Date of this Version
Documentary Editing, Volume 25, Number 1, Spring 2003. ISSN 0196-7134
I am very honored to speak to this group today. l owe an enormous debt to the work that you do and I very sincerely thank you for it. Documentary editing has, for me, an almost priestly connotation. I went to a Jesuit high school where my toughest teacher was Fr. Alphonse Yumont, who taught Latin. Every night we had to pore over a long section of Vergil, and the next morning had to translate it aloud in class. Errors were not allowed. And by "errors" I mean any deviations whatever from a precisely literal translation. We were not allowed to glide over obscurities or embellish with flights of fancy. I can still hear the slap of Fr. Yumont's stick on the desk as he shrieked, "Mister! Look at the text! Don't tell me what you think it means. Tell me what it says!"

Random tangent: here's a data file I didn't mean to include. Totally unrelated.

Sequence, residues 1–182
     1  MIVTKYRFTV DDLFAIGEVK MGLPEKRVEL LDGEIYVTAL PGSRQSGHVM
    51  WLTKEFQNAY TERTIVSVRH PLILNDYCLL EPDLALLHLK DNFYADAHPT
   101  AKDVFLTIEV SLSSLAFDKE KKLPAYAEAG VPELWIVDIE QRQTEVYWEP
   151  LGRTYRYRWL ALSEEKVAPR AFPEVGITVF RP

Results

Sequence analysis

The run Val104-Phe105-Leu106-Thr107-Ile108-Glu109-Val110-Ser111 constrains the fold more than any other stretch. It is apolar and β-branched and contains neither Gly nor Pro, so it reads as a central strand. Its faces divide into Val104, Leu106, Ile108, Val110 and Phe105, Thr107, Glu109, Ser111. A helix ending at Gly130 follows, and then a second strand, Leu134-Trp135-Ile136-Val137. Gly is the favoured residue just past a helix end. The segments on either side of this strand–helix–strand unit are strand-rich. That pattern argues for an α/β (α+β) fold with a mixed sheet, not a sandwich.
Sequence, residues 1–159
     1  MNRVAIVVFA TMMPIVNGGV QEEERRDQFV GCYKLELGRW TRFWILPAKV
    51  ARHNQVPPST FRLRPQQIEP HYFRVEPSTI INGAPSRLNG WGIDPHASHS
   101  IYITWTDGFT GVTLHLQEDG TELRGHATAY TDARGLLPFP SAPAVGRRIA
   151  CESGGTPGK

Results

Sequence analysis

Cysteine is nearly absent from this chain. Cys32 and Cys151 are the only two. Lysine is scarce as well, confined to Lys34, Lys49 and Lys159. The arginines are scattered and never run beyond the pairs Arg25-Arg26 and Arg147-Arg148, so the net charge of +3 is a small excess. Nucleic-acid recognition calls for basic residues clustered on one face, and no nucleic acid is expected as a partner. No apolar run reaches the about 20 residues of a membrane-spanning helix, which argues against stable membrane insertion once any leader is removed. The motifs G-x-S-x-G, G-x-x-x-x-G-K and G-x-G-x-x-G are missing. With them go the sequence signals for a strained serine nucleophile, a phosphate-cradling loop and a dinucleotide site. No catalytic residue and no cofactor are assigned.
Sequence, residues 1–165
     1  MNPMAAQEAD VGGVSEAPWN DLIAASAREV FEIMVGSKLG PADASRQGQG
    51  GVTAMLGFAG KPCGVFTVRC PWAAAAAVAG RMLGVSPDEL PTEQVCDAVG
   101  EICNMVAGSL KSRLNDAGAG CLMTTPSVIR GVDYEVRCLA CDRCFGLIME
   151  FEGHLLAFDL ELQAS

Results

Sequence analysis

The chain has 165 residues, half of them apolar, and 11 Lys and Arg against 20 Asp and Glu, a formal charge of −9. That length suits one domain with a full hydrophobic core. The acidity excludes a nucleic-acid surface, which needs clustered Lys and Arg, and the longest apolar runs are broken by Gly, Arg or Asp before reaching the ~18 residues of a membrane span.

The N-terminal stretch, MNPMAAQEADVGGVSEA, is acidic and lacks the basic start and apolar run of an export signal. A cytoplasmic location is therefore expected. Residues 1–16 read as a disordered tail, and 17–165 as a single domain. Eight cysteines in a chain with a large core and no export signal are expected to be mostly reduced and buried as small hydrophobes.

From Fr. Yumont I acquired a habit of paying meticulous, maniacal attention to "the text"-the holy object right in front of you. From him I learned that if you paid very close attention to the text you would learn things richer and more complex than the interpretations created by your imagination. If you refused to gloss over the obscurities and the ambiguities, but struggled instead to comprehend a text exactly as it came down to you, you would enter the mind and the distant world of someone else from long ago. And if your translation turned out to be a bit duller than you wished, at least it had the advantage of being true.